During the annual Chancellor’s Honor Banquet in April, several graduating seniors in the College of Arts and Sciences were recognized for their academic achievement, leadership, and outstanding service with UT’s highest student honor, the Torchbearer award.
Jasmine Blue of Brentwood, Tennessee, a Chancellor’s Honors student with a major in political science and a minor in English, has used her academic strengths and leadership skills to help her fellow college students as well as youth in the community. As an intern, she promoted tnAchieves, which is associated with the Tennessee Promise program, by making videos, writing a blog, and recruiting mentors for high school students. Through a service–learning class and the Emerald Youth Foundation, she tutored elementary school students in reading, math, and other classwork, and as a Leadership Knoxville Scholar, she mentored students at Dogwood Elementary School in blogging, vlogging, and news media skills. Blue has also been active in the Student Alumni Associates and other organizations. Whether she’s networking with alumni, hosting chancellor’s events, or talking to other UT students about the importance of philanthropy, Blue is always prepared, engaging, mature, and up for the challenge. “I knew college wasn’t just about me but about loving others,” she said. “I wanted to be a light on campus and was excited about pouring out myself through friendship with others, seeing the unseen and loving the unloved.”
Jack Larimer, a Haslam scholar double majoring in economics and political science, is not a teacher by major or trade but has a deep commitment to helping underprivileged youth. Through the Knoxville Leadership Foundation, Larimer, alongside fellow Torchbearer Xavier Greer, initiated an after-school leadership and development program called Boys 2 Leaders to provide positive role models for underprivileged boys from high-risk environments. The boys were at first more interested in mocking Larimer than listening to him. Larimer, however, persevered, and now they have confidence and dreams of finishing high school—and even attending college. What’s more, they look up to him as a big brother. Larimer has not only held the torch to shed light on the opportunities available to these boys, he has also linked arms and shown them they are loved and valued. Larimer’s research seeks to help kids in similar positions. His undergraduate thesis is on the long-term benefits of university-assisted community schools. Larimer is using statistical analysis to show, year by year, how these schools set students up for success in higher education and enrich the surrounding community. Larimer, from Brentwood, Tennessee, has been involved with numerous campus groups including Student Alumni Associates, Leadership Knoxville Scholars, Emerging Leaders, and the Student Government Association.
Maddie Stephens of Knoxville holds a commitment that, in the words of a nominator, “shines through in everything she does.” When the Rock was defaced with Nazi symbols last fall, Stephens, serving as student services director for the Student Government Association, was instrumental in developing a passionate and sensible solution that took hate speech seriously but also preserved the joyful freedom of students to paint the Rock. A Chancellor’s Honors student majoring in English and minoring in leadership studies, she has made it a priority to welcome new students to campus—whether as a Welcome Week leader, an Ignite Serves team leader, or the creator of the Guide to Torchbearer Tuesdays, helping students link their experiences on campus to the Volunteer Creed. Stephens has also taken a key role in sustainability and campus recycling efforts, including the Mug Project, Earth Day, and RecycleMania events. As a nominator wrote, her actions are testimony to her belief that “students must carry their ethical commitments with them outside the classroom and try to show the wider community—including their own parents, teachers, and political leaders—why those values matter so deeply.”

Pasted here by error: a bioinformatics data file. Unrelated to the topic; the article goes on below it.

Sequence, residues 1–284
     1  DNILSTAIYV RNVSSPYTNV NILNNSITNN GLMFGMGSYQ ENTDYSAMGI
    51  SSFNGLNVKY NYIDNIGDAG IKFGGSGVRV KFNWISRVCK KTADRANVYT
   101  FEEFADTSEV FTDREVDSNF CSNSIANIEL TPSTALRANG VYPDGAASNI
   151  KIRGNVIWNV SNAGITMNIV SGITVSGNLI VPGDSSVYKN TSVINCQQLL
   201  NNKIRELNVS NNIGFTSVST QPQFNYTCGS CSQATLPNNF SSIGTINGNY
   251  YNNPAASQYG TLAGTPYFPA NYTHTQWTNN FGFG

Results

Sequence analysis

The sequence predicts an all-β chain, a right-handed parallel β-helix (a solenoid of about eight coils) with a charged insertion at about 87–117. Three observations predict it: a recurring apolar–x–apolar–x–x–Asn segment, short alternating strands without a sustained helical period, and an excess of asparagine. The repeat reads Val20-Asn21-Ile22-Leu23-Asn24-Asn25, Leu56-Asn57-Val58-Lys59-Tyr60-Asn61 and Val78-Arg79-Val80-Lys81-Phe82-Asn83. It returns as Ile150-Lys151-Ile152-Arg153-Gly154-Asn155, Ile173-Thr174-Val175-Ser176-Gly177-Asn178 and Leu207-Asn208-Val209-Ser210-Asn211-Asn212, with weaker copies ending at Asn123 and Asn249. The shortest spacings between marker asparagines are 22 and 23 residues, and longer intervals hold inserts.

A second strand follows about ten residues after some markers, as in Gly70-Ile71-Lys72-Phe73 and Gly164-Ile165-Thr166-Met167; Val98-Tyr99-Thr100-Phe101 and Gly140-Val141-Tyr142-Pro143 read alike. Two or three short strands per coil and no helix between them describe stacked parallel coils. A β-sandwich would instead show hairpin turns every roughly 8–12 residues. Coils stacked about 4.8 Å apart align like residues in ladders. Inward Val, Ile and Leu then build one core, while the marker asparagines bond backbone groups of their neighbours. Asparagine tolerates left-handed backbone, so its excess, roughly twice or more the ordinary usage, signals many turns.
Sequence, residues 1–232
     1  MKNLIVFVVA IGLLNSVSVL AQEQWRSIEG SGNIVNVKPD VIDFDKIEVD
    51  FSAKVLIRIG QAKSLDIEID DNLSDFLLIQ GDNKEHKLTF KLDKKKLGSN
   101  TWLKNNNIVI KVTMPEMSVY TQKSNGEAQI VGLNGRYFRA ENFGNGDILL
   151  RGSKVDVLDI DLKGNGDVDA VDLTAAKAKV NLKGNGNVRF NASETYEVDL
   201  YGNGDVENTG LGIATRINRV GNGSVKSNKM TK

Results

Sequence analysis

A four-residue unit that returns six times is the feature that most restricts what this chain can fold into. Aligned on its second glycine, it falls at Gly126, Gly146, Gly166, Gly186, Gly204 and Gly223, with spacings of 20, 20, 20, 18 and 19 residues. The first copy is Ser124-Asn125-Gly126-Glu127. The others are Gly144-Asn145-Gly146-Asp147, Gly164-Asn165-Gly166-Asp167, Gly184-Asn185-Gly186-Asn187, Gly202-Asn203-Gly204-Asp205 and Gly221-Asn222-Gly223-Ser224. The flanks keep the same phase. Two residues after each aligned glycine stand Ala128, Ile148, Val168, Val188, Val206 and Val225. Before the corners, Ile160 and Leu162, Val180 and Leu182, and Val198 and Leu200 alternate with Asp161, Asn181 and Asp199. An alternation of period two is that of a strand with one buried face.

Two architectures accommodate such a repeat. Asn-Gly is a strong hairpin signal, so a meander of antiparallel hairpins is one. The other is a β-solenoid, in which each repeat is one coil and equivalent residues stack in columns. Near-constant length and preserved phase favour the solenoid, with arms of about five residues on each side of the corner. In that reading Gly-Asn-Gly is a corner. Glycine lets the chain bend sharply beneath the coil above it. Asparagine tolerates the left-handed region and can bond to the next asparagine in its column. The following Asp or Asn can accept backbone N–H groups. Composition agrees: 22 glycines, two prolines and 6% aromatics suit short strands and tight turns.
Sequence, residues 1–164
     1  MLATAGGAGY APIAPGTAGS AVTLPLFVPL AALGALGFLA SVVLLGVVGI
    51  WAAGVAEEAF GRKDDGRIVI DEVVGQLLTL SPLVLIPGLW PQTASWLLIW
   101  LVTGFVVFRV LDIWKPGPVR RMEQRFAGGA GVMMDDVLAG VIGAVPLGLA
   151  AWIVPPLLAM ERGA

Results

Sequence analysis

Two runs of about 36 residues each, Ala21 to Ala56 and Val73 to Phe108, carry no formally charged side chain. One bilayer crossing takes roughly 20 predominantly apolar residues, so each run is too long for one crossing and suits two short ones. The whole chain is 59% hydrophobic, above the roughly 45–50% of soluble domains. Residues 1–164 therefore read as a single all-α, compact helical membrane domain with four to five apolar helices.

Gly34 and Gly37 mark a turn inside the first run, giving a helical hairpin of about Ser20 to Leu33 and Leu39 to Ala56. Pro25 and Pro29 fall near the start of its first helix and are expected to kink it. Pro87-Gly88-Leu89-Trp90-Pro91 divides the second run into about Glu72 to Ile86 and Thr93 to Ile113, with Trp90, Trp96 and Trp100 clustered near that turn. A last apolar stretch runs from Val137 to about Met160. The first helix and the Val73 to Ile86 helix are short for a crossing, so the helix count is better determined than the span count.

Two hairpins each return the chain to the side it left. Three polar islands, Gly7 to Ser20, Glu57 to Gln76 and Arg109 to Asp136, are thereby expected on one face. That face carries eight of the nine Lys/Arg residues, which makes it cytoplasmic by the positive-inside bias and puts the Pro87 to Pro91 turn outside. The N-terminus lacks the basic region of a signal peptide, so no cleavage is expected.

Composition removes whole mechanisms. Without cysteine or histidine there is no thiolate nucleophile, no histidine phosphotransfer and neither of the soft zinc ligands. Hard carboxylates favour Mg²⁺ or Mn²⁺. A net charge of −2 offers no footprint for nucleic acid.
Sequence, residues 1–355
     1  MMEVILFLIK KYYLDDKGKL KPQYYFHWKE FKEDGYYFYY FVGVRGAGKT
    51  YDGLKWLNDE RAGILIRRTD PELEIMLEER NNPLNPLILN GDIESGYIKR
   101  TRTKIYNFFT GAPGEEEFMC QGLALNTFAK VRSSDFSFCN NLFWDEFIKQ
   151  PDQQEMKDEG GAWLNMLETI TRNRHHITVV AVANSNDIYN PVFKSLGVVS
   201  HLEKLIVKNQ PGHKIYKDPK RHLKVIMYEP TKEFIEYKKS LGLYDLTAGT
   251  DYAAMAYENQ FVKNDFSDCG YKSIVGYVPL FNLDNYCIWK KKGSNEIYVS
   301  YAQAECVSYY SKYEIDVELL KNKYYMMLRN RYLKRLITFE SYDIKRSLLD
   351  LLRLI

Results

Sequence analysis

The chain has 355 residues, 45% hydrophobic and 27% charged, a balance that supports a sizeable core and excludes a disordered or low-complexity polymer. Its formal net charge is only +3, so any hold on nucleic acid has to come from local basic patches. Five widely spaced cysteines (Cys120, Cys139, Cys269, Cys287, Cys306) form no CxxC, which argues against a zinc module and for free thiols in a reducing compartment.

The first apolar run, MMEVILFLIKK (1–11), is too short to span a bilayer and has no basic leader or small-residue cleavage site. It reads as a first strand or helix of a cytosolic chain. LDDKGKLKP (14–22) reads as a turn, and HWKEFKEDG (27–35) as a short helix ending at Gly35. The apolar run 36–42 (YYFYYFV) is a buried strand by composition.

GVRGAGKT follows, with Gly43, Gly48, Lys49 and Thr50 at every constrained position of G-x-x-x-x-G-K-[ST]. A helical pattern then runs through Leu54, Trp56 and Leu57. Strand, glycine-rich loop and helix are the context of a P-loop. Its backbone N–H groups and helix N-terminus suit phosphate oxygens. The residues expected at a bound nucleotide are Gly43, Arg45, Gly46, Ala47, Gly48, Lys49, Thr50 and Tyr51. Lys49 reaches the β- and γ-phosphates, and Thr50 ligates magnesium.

Mickayla Stogsdill, a senior in the Chancellor’s Honors Program majoring in public administration and Russian studies, is the type of student who continually approaches shared endeavors with the attitude “If not me, then who?” As a Baker Scholar and Baker Ambassador, she has actively assisted in numerous public initiatives and events. Thanks to her leadership in the planning and implementation of a voter education drive, more than 500 students registered—contributing to a record-breaking turnout. Stogsdill is also responsible for helping UT’s Debate Team become national champions. Every Thursday night, she spends at least three hours helping students learn to debate and develop skills in public speaking and oration. Her dedication, integrity, and positive attitude make Stogsdill an excellent representative of any organization in which she participates. It was for these characteristics that she was selected to provide opening remarks when the Baker Center hosted Peyton Manning for a Baker Distinguished Lecture in 2017, and why she was recently chosen from a pool of applicants to represent the center at a leadership conference hosted by Harvard’s Institute of Politics. As one nominator writes, “Quite simply, Mickayla is exceptional. She is kind, humble, and hardworking. She is a self-starter and a natural leader.”